Indeed, Obama's mean ideology rating four years ago was 2.5, essentially the same as now, and he was perceived to be slightly more liberal (with a score of 2.2) immediately before the election. Americans' own ideology ratings in December 2007 (3.2) and October 2008 (3.3) were essentially the same as now, and closer to John McCain's (3.4 in December 2007 and 3.7 in October 2008) than Obama's.
Also, the data make clear that Americans are not highly familiar with the views of the leading Republican candidates at this point -- at least one in seven cannot rate even the best known candidate (Romney), and at this point there is little differentiation in the views of the Republican candidates by party.
As the candidates continue to campaign and a GOP nominee emerges, Americans will learn more about the candidate and may perceive him or her differently than they do today.
Results for this USA Today/Gallup poll are based on telephone interviews conducted Dec. 15-18, 2011, with a random sample of 1,019 adults, aged 18 and older, living in all 50 U.S. states and the District of Columbia.
For results based on the total sample of national adults, one can say with 95% confidence that the maximum margin of sampling error is ±4 percentage points.
For results based on the total sample of 284 Democrats, one can say with 95% confidence that the maximum margin of sampling error is ±7 percentage points.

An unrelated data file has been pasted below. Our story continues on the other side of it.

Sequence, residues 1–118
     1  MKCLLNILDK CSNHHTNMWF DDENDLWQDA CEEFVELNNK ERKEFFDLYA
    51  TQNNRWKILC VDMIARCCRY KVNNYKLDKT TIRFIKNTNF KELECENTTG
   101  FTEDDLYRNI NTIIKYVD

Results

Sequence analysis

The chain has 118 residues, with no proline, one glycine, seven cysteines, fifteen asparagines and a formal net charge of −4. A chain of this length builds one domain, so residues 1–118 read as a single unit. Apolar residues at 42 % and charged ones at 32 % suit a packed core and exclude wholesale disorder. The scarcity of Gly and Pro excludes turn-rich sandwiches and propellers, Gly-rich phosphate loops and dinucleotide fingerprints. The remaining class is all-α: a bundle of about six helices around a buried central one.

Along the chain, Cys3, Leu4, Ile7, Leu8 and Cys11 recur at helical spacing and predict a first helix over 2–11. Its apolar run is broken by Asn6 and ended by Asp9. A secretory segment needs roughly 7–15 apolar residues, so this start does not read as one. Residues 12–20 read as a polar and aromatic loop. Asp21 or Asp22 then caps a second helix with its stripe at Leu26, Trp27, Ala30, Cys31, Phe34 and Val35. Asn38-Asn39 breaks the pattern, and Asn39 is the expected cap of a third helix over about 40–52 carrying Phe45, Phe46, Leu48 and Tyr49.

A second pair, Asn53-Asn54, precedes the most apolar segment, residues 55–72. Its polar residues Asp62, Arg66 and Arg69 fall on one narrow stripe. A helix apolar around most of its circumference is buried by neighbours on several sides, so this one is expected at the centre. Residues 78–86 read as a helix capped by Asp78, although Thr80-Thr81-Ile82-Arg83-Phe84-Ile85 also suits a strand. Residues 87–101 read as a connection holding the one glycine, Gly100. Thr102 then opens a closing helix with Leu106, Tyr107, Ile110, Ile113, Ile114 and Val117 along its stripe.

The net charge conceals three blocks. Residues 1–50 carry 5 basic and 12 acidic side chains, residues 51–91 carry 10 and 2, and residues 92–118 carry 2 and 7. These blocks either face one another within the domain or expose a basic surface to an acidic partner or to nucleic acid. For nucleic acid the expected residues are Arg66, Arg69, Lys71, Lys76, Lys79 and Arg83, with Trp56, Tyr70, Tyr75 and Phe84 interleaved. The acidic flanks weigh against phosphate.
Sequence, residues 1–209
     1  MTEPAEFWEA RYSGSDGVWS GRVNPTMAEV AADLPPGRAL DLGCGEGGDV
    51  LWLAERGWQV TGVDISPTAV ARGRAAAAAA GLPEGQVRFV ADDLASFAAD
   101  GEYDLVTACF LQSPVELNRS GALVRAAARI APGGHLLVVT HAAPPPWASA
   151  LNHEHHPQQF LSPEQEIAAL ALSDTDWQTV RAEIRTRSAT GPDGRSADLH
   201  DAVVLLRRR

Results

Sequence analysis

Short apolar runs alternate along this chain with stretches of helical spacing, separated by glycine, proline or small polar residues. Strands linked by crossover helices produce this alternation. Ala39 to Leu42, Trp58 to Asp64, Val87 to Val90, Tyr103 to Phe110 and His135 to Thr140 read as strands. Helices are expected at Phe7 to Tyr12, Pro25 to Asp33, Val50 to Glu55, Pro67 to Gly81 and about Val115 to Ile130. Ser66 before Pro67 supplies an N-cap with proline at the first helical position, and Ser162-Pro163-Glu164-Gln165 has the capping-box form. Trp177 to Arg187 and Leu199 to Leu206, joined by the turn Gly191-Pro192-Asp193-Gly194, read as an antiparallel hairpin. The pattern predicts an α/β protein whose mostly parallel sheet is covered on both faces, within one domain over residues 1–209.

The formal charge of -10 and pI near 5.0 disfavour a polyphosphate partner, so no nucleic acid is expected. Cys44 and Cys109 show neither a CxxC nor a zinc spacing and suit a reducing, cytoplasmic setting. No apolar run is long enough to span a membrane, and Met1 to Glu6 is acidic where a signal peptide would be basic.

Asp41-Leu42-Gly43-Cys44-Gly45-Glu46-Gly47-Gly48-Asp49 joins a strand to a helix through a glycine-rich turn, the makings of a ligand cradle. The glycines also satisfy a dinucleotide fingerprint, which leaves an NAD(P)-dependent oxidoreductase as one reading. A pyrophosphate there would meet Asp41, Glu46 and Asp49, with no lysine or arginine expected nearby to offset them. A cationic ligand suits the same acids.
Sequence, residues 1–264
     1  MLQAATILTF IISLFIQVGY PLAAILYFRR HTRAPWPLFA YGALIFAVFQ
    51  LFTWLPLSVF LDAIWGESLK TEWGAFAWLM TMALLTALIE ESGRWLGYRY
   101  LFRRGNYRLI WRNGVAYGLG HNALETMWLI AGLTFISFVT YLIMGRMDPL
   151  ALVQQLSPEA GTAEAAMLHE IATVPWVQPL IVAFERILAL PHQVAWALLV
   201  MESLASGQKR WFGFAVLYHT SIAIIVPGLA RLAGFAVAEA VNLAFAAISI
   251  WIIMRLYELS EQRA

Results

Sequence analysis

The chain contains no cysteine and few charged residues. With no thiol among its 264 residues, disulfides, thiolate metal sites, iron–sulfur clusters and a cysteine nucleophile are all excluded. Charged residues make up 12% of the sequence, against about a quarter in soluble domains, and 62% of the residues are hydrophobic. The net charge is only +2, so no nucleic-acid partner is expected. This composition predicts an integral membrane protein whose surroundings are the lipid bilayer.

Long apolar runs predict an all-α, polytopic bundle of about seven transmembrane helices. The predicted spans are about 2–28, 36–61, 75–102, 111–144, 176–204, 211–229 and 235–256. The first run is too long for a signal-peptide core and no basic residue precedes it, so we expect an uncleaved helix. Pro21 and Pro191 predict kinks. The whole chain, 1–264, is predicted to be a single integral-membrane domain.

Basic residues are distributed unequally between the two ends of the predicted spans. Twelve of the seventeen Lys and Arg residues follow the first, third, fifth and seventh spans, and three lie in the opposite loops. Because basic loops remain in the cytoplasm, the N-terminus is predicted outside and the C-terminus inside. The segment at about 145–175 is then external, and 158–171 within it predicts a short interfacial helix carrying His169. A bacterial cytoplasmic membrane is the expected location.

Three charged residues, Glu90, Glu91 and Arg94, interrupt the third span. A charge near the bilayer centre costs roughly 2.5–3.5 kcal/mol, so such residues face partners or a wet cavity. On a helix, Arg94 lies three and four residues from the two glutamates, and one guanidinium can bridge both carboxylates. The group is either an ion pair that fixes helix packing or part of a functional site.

For results based on the total sample of 303 Republicans, one can say with 95% confidence that the maximum margin of sampling error is ±7 percentage points.
For results based on the total sample of 406 independents, one can say with 95% confidence that the maximum margin of sampling error is ±6 percentage points.
Interviews are conducted with respondents on landline telephones and cellular phones, with interviews conducted in Spanish for respondents who are primarily Spanish-speaking. Each sample includes a minimum quota of 400 cell phone respondents and 600 landline respondents per 1,000 national adults, with additional minimum quotas among landline respondents for gender within region. Landline telephone numbers are chosen at random among listed telephone numbers. Cell phones numbers are selected using random digit dial methods. Landline respondents are chosen at random within each household on the basis of which member had the most recent birthday.
Samples are weighted by gender, age, race, Hispanic ethnicity, education, region, adults in the household, and phone status (cell phone-only/landline only/both, cell phone mostly, and having an unlisted landline number). Demographic weighting targets are based on the March 2010 Current Population Survey figures for the aged 18 and older non-institutionalized population living in U.S. telephone households. All reported margins of sampling error include the computed design effects for weighting and sample design.
In addition to sampling error, question wording and practical difficulties in conducting surveys can introduce error or bias into the findings of public opinion polls.
For more details on Gallup's polling methodology, visit http://www.gallup.com/.